Link: GAO Opinion
Agency: Department of the Air Force
Disposition: Protest dismissed in part, denied in part.
- Where agency responded to earlier protest, in which the agency tender official (ATO) challenged the adequacy of the solicitation’s workload information, by stating that it would provide additional workload data, and earlier protest was withdrawn, ATO was required to re-file a protest challenging the ongoing alleged inadequacy of information prior to submitting agency tender.
- The solicitation contained no ambiguity regarding inclusion of vehicle fuel costs where it specifically stated that “fuel is considered Government-furnished,” and agency confirmed this provision in responding to ATO question regarding the cost of fuel.
General Counsel P.C. Highlight:
The ATO, after an initial protest, again asserts that the PWS was “contradictory, confusing, and inaccurate” and that “[d]espite consistent, good-faith efforts by the . . . MEO team, the agency consistently failed to correct mistakes.” The protest maintains that, despite the agency’s actions taken in response to the ATO’s November 2007 protest, the agency “continued to fail to fully and accurately answer questions.” The ATO’s protest is based entirely on the adequacy of the agency’s responses to three ATO questions.
First, the ATO’s protest refers to Question T-0092-CE, concerning the solicitation requirements to provide support for special events. The protest asserts that “[t]he MEO attempted to meet all service requirements in support of special events in the most comprehensive manner,” but maintains that “the data provided . . . in Appendix 11B was inaccurate, ambiguous and incomplete.” The protest notes that, in response to the ATO’s question, the agency stated that it was “[u]nable to locate this workload data.” Based on this response, the ATO asserts that “even the agency was confused about the work load data.”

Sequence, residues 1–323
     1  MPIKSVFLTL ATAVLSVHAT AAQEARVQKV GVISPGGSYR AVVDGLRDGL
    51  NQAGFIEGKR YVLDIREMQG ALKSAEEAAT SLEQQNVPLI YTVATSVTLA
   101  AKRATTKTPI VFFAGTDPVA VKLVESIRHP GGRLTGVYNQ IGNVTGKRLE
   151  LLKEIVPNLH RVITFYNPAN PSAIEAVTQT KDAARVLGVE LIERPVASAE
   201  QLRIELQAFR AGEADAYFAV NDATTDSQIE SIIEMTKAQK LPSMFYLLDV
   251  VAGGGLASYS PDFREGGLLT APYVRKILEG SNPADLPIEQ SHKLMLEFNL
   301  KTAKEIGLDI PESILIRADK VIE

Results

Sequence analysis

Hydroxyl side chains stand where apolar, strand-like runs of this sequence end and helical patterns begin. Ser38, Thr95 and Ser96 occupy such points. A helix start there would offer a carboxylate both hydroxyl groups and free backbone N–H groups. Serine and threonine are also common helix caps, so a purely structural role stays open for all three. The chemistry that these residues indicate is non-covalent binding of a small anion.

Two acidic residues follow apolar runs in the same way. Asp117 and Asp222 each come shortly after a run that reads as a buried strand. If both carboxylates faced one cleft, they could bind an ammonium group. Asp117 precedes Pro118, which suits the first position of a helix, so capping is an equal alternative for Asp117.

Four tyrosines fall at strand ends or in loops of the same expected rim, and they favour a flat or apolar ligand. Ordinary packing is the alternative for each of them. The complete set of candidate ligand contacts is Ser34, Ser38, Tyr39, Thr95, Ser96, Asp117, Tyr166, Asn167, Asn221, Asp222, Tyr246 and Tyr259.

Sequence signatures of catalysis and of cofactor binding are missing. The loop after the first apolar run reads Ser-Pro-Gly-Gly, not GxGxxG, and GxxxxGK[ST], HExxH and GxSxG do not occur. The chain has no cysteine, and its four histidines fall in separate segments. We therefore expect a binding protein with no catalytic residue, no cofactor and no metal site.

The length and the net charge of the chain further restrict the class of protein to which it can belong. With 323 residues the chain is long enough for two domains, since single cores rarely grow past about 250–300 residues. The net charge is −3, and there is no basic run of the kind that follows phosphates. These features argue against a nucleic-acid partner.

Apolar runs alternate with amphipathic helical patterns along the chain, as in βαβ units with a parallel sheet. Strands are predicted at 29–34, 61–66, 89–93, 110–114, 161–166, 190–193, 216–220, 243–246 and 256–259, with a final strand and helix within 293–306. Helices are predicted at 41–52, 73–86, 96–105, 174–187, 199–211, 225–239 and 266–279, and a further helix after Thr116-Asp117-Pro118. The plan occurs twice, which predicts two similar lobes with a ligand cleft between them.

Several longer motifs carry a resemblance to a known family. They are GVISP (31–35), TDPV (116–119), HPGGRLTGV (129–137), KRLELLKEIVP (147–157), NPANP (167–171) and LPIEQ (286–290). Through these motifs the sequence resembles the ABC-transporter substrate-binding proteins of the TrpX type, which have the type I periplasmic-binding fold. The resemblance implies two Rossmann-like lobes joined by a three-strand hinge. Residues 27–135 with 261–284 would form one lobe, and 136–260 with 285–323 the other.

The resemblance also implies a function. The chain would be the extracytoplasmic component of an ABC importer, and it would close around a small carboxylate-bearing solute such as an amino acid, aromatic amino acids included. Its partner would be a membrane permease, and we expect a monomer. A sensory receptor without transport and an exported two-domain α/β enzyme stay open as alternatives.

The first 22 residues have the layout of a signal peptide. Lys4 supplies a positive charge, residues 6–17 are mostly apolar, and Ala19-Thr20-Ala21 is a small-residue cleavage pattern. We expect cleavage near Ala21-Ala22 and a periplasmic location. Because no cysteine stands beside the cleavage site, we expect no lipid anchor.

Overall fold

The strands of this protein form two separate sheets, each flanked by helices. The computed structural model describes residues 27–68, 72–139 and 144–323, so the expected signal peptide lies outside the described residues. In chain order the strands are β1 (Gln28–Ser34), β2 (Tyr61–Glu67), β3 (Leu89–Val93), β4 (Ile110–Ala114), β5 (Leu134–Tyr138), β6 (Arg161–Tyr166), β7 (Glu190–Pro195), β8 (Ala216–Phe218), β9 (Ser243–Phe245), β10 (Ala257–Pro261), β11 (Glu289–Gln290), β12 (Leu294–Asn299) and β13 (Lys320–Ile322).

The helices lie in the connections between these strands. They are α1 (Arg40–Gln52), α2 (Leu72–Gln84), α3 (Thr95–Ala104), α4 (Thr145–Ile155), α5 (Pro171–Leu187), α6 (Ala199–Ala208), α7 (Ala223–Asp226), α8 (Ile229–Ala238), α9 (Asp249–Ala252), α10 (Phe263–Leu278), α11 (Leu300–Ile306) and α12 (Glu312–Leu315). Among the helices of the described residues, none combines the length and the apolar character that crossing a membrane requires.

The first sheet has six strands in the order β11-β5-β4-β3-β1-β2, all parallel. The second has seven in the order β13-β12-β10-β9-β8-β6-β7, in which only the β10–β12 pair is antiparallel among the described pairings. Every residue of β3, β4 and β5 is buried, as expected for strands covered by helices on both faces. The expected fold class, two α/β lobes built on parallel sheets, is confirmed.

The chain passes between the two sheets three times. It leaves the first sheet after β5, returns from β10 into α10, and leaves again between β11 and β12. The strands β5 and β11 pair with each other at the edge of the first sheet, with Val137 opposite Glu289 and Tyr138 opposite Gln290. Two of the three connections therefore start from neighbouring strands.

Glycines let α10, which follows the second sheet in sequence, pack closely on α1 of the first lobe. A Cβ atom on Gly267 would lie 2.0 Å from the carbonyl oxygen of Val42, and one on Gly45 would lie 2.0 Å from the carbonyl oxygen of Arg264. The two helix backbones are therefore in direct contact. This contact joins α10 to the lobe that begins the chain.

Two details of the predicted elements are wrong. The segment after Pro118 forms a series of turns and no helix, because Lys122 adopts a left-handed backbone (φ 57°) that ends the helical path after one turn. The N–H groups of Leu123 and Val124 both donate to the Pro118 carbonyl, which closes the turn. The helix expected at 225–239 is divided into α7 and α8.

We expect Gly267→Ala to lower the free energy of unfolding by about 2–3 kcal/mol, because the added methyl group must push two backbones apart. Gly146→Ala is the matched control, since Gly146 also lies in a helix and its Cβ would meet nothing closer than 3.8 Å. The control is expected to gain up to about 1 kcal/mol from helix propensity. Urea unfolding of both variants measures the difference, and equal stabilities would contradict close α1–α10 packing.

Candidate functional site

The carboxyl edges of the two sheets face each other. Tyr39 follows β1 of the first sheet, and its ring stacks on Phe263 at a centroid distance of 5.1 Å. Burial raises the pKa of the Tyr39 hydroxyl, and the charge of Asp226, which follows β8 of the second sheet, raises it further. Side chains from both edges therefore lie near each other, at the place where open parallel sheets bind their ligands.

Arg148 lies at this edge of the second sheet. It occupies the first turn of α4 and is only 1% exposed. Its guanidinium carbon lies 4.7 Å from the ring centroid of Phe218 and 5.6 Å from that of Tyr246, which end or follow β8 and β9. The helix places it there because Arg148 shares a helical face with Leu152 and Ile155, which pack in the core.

In November 2008, the agency submitted a report responding to the ATO’s October 2008 protest, stating that, although the agency did not have the data to respond to the ATO’s question on June 4, 2007–that is, at the time it published the response to Question T-0092-CE–the agency subsequently obtained the required information, compiled that data in appendix 11B, and posted it to the FedBizOpps website on June 20. The contracting officer further states that appendix 11B was thereafter published as an attachment to the RFP in September 2007. Finally, the contracting officer states that, following the ATO’s first protest in November 2007, the agency published a notice advising offerors that additional comprehensive data regarding the special events workload requirements was available on the Federal Technical Data Solutions (FedTeDS) Internet website.
The ATO did not re-file its protest challenging the adequacy of the solicitation information prior to submitting the agency tender in February 2008. The Bid Protest Regulations contain strict rules requiring timely submission of protests. These rules require that protests based upon alleged improprieties in a solicitation that are apparent prior to the closing time for receipt of proposal must be filed prior to that time. Thus, if the ATO believed that the additional information provided by the agency in response to the ATO’s first protest continued to be inadequate to facilitate preparation of the agency tender, the ATO was required to protest that matter before submitting it’s tender. Since it did not, to the extent its protest is based on the alleged inadequacy of solicitation information, the protest is untimely and, therefore, must be dismissed.